Out of everything though, one of the thing that excited me so much was seeing the ownership that the Credoites were taking throughout the day as they worked so hard, but with so much energy and delight in what they were doing in their various jobs. It was so encouraging to see their passion for connecting with and reaching out to new people and for the opportunities that they took to just walk up to complete strangers and just start talking to them; whether it was about campus, credo or Christ.

If yesterday was about contacts and meeting people, then today was all about thinking about how to care for them as we love each other as a body. As I mentioned in my last post I've been thinking through, and this morning spoke from 1 Cor 12:12-27 to look at how this shapes how we are to be treating and looking out for one another. As I did some reflecting (and as others helped me with some of their ideas!) it occurred to me that the Corinthian world is much like our facebook world of today. What matters in facebook world is how others see me, who has the best profile pic, do i have more friends than them, can I join that group... etc etc - and although facebook can feel like a community at times, it's really a false one because there's very little accountability (I can even stop being 'friends' with someone without their knowledge!). The world believes in community as long as it is convenient – we believe in community in a way that reflects our commitment to Christ and to each other.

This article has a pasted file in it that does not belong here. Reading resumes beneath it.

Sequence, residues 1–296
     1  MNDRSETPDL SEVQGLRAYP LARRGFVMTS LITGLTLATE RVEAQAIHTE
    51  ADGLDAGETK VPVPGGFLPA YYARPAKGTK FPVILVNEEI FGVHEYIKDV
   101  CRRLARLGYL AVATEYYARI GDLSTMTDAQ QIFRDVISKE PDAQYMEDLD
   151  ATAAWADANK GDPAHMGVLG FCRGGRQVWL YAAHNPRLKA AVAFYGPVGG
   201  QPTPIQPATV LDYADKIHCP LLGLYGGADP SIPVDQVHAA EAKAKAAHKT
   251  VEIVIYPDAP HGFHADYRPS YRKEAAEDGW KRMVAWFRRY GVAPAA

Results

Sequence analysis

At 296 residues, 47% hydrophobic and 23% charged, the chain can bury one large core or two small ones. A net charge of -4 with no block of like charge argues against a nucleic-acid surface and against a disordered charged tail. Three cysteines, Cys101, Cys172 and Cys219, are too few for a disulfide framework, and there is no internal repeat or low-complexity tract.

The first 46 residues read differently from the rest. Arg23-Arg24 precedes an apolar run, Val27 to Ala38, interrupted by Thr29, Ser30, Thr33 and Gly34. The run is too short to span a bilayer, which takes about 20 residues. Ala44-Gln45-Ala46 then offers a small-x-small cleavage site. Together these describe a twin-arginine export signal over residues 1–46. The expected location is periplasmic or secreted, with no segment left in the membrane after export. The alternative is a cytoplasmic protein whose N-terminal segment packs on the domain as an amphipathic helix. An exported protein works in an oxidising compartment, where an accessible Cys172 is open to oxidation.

What Paul tells the Corinthians, and us, is that we need to be completely counter cultural and to see the 'weaker' as worthy of more honour/attention and to cultivate and encourage the different roles, gifts and abilities that we have because we all need one another. Paul uses a lot of 'body' imagery and speaks about how a body is supposed to function. It struck a cord with me because of my addiction to the "Biggest Loser" TV show. Here you see people competing to lose weight because although their bodies are technically 'functioning' they're not necessarily healthy and their definitely not thriving. As one of the trainers, Shannan, said in the first episode here are a group of people who are broken, physically, emotionally and spiritually and who need to be rebuilt from the inside out. Its exactly the same for us as a community and it's the radical nature of the love that Paul describes in 1 Cor 13 that is going to help us do it. Well, that, the Spirit and God! (1 Cor 12:7, 24-25).

I don't know what this year has in store for us on campus - no one but God does. And yet I feel like we're starting on a great track because our goal is to be transformed and renewed by the radical love that Christ enable us to have for one another. And that's something to be pretty darn optimistic about isn't it?